Elderly Residents Subjected to Abuse at Kenya’s PCEA Thogoto Care Home for the Aged

An undercover investigation has exposed shocking instances of mistreatment and neglect of elderly residents at the Presbyterian Church of East Africa (PCEA) Thogoto Care Home for the Aged, located about 20km west of Nairobi, Kenya. Secretly filmed footage reveals staff members physically abusing residents, including caning an elderly woman, dumping food onto tables without plates, and disregarding medical needs.

In the undercover video, staff members dressed in purple uniforms surround an elderly woman near a metal gate within the home’s garden. The staff accuses her of leaving the designated area and refusing to return when called. The confused and frightened woman pleads for forgiveness, but the staff insists on caning her as a punishment. A staff member is then shown hitting the woman’s buttocks with a wooden stick.

This disturbing incident is only one piece of evidence from the BBC Africa Eye investigation that highlights the mistreatment occurring within the care home. The facility, initially established by the Women’s Guild of a local PCEA church, now operates independently and houses approximately 50 elderly women and men.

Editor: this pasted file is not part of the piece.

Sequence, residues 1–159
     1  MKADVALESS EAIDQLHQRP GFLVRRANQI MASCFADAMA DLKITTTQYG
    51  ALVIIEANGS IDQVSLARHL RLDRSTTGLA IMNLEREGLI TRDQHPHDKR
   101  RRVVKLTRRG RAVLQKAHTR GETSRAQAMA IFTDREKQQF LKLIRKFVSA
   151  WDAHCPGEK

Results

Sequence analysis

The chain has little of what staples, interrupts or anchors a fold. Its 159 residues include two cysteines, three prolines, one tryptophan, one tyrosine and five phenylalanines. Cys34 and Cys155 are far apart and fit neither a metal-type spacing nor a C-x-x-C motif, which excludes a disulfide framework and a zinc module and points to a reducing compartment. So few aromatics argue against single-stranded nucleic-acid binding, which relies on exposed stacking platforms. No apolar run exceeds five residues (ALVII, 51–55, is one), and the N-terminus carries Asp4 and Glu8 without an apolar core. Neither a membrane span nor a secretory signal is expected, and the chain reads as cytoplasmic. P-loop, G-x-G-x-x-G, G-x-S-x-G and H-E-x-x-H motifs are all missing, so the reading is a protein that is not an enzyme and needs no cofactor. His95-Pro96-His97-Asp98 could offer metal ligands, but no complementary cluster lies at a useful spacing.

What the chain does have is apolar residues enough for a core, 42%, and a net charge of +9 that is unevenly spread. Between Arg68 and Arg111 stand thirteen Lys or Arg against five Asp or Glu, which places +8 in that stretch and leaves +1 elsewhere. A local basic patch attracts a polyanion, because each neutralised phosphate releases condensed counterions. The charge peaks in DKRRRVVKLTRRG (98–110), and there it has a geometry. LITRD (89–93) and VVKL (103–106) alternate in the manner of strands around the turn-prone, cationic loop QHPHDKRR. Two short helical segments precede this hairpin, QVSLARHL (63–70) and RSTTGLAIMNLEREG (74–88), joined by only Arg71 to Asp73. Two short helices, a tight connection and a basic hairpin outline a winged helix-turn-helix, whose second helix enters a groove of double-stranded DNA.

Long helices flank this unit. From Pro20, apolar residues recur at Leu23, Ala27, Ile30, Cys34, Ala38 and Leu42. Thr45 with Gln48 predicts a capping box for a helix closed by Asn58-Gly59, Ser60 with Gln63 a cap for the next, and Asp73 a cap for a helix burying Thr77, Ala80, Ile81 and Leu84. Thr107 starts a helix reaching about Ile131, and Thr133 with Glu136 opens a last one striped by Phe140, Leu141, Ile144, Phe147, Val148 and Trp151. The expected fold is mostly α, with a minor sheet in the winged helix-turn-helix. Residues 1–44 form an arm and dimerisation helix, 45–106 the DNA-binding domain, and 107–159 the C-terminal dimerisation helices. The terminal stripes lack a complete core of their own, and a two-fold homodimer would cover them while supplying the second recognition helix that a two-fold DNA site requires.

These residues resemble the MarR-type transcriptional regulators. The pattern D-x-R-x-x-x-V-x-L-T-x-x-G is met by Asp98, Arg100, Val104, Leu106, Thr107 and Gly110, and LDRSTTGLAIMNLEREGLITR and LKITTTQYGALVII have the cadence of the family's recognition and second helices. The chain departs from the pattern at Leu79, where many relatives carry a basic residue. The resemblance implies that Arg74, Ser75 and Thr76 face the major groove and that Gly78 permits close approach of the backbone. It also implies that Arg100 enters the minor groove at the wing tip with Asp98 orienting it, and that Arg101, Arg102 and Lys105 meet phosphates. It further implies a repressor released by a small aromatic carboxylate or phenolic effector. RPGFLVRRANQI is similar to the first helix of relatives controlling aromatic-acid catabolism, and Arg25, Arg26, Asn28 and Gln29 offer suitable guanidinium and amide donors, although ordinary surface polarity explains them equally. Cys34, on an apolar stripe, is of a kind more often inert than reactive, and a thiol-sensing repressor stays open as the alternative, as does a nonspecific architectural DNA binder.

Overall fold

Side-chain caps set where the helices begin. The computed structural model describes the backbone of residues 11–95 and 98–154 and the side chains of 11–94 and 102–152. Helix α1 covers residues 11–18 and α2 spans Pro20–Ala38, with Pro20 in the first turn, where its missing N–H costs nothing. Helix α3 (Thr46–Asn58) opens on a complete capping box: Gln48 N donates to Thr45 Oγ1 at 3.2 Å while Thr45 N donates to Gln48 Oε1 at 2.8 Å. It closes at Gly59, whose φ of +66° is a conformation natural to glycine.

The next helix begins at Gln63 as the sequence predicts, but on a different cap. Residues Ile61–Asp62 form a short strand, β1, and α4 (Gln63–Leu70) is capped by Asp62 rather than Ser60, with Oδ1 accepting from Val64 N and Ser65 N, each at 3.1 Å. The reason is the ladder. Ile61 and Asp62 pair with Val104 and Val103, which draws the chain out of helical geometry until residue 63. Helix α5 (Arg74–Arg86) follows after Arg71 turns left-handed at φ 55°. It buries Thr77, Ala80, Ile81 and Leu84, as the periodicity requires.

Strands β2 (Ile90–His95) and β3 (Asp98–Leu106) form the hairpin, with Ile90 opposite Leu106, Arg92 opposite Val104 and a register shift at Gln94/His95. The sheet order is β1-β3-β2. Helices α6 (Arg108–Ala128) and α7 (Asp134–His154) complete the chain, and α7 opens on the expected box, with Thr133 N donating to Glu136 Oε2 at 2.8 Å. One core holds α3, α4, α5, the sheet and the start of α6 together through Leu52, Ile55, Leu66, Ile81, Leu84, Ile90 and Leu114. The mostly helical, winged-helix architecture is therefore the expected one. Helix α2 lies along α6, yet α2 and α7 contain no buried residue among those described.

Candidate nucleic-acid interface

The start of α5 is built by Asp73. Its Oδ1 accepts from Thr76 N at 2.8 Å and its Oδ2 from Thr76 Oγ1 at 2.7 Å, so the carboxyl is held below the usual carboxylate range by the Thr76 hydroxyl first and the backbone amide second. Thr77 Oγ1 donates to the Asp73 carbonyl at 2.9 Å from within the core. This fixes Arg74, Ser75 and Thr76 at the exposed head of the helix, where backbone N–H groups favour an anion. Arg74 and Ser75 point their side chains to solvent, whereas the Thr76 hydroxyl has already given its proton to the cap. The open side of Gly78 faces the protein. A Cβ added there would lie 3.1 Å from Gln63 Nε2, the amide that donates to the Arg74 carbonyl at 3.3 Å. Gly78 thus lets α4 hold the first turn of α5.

Nairobi has witnessed a significant rise in the number of elderly care homes over the past decade. Many of these homes operate without charging rent, relying on support from local churches or donations for funding. However, the investigation at PCEA Thogoto Care Home reveals a grave lack of proper care and compassion for vulnerable elderly residents.

The mistreatment of elderly individuals is a deeply concerning issue, particularly as Africa’s elderly population is projected to experience significant growth in the coming decades. According to a 2020 report by the United States Census Bureau, the elderly population in Africa is expected to triple from 75 million to 235 million within the next 30 years.

The exposure of such abuse underscores the urgent need for improved oversight, regulation, and training within care homes to ensure the safety, dignity, and well-being of elderly residents. As the elderly population continues to expand, addressing these issues becomes an essential responsibility to uphold the rights and respect owed to this vulnerable segment of society.